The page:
In an era of fake news & click bait - local news matters more than ever
25 March 2017
I live and work in Norwich. Yes, yes - I know. Alan Partridge. But did you know it was home to England’s first provincial newspaper?
The Norwich Post was established in 1701. Its success was short-lived. The weekly paper only lasted ten or so years - a victim to competition. By 1706 Norwich had more newspapers than any other provincial English city.
Fast forward to the 21st century and the local newspaper group, Archant is running a TV station. There’s BBC and independent local radio and a host of websites offering information to the people of Norfolk. There’s also a well-respected newspaper, the Lynn News, which covers the west of the county.
Over the past 30 years, BBC Radio Norfolk’s become a well-loved and trusted part of the community offering itself as the ears and eyes of the county.
It’s always been one of the most listened to radio stations in England, relied on for the latest weather, travel and news. Many well known journalists have started their working lives at radio stations like BBC Radio Norfolk. The Breakfast and Drive shows are there to hold to account politicians and those in charge. And presenters like Stephen Bumfrey, Chrissie Jackson and Wally Webb add a bit of sparkle to the mix. Wally - widely acknowledged to be the "real" Alan Partridge - is still here after more than 35 years. His inimitable early show is cult listening.
In a crisis who do you turn to? During the storm surges that hit the East Coast in 2013 and earlier this year our listeners tuned in, not just to hear the news, but vital information about where they lived. Our schedule went out of the window and we broadcast uninterrupted until the danger had passed and the waters had receded.
BBC Radio Norfolk’s also a vital lifeline for the lonely and isolated - its presenters are viewed as well-loved friends. Our airwaves are a conduit for the voices of people who otherwise would go unheard; those on low incomes and elderly, disabled and disadvantaged people. Since 2008 they have borne the brunt of government austerity. They’ve seen vital services pared back or disappear. At the same time their various means of redress, advice and legal representation have withered - funding’s been withdrawn from services like Citizen’s Advice Bureaux and legal aid.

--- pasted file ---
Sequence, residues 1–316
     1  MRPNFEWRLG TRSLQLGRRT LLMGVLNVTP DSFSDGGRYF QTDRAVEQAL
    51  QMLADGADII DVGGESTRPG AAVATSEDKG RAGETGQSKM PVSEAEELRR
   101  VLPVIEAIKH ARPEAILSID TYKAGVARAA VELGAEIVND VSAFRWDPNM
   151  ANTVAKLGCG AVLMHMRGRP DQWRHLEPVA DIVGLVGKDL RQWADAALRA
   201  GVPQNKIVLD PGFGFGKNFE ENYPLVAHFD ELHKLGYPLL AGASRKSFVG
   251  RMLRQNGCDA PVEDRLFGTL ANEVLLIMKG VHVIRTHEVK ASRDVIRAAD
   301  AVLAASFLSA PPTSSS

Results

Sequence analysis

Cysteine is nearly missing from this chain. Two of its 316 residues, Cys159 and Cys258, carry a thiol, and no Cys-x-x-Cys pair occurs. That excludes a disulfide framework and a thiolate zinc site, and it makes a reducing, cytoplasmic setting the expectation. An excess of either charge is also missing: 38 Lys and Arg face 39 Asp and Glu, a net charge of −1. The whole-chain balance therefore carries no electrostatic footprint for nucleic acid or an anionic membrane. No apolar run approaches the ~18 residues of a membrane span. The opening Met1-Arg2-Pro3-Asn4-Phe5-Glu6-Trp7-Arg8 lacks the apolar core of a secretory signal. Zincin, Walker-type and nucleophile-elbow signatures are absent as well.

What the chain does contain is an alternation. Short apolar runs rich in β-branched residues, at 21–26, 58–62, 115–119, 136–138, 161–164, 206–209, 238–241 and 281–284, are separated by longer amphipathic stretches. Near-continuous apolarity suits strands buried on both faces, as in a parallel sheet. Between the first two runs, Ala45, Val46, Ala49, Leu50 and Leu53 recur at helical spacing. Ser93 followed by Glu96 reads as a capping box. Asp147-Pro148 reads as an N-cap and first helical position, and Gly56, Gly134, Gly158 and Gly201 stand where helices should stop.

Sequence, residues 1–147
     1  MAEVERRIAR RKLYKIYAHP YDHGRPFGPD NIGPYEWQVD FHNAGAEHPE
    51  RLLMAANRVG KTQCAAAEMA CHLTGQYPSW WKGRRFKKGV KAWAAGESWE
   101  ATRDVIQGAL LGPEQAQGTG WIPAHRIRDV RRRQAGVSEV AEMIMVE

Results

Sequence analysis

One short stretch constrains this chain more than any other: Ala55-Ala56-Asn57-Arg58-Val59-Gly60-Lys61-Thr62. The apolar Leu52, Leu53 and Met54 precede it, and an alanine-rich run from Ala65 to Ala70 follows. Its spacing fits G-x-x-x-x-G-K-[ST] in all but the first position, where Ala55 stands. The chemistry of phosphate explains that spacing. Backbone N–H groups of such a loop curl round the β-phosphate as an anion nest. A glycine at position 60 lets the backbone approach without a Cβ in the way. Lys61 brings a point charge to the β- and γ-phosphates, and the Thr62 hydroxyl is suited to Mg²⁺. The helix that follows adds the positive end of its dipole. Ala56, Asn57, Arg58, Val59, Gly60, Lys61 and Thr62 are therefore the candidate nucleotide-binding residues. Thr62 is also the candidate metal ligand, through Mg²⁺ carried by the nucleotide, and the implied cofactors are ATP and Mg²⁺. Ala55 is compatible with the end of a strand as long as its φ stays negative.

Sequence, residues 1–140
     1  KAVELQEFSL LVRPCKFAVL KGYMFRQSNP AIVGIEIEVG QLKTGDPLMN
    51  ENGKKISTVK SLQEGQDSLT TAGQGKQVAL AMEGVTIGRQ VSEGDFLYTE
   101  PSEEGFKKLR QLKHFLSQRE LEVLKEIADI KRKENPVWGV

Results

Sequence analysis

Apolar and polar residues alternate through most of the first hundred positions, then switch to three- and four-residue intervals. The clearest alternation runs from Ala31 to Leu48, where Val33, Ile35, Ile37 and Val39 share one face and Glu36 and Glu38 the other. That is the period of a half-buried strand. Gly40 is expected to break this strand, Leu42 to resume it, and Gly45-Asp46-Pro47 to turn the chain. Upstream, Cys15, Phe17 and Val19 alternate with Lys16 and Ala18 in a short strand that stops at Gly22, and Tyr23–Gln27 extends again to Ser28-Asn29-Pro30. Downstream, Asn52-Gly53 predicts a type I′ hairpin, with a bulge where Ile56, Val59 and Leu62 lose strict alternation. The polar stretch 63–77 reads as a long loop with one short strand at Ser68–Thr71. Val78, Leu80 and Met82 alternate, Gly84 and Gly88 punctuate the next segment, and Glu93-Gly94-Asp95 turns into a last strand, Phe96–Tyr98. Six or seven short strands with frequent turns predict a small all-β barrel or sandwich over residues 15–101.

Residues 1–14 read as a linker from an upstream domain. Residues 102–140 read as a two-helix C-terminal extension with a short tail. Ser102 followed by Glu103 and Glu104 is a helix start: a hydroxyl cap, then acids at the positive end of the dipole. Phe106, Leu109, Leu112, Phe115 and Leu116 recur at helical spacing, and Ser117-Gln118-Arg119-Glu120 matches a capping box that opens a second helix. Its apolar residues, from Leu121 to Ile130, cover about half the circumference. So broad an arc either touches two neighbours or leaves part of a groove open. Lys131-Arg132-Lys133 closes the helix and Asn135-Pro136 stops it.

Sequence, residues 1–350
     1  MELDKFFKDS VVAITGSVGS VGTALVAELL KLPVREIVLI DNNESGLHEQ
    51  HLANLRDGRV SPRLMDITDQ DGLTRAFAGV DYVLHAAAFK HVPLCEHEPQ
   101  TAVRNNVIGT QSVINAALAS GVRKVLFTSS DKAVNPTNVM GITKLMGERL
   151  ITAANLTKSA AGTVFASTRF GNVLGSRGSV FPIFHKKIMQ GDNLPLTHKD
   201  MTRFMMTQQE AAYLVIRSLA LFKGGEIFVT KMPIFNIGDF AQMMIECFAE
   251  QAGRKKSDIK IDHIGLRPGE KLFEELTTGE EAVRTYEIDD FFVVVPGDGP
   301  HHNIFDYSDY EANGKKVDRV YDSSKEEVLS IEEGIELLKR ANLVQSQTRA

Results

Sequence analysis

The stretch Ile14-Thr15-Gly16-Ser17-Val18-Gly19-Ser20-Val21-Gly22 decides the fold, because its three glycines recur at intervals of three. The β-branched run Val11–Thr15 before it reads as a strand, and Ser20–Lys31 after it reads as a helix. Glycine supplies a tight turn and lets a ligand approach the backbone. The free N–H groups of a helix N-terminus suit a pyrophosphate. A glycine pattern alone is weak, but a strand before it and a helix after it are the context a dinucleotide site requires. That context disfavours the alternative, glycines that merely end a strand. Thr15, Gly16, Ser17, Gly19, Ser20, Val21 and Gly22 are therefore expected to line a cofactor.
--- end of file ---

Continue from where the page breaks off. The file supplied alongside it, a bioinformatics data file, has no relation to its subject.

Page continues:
Now, along with provincial newspapers - such a vital part of our democracy and free speech for more than three hundred years - local radio is facing another round of cuts. The number of journalists is being whittled away. BBC Radio and TV across the English regions is facing cuts of £15 million pounds. There are many who fear its complete demise in the not too distant future.
Now digital is king and news is becoming more and more remote, faceless and centralised. Local radio district offices like Great Yarmouth are being cut; bitter experience has shown that once the office goes, the district reporter is often not far behind. Managers say we can cover places like Great Yarmouth, Bury St Edmunds and Colchester from the bigger hubs of Norwich and Chelmsford. However, our reps tell us that once "out of sight, out of mind", coverage of these important towns falls noticeably.
Consumers of news are becoming more and more removed from the source of their information and vice versa. We must hang on to our district reporters and their offices, to our radio stations, to the people we trust to report the news accurately and fairly.
Local news DOES matter - in an era of fake news and click bait - it matters more than ever before.
Cath Saunt is an NUJ BBC rep and member of the NUJ Norfolk branch. The branch will be leafleting members of the public today as part of local news matters week of action. Meet at 12.30 outside the Guildhall in Norwich.
Find out more about the NUJ's local news matters campaign.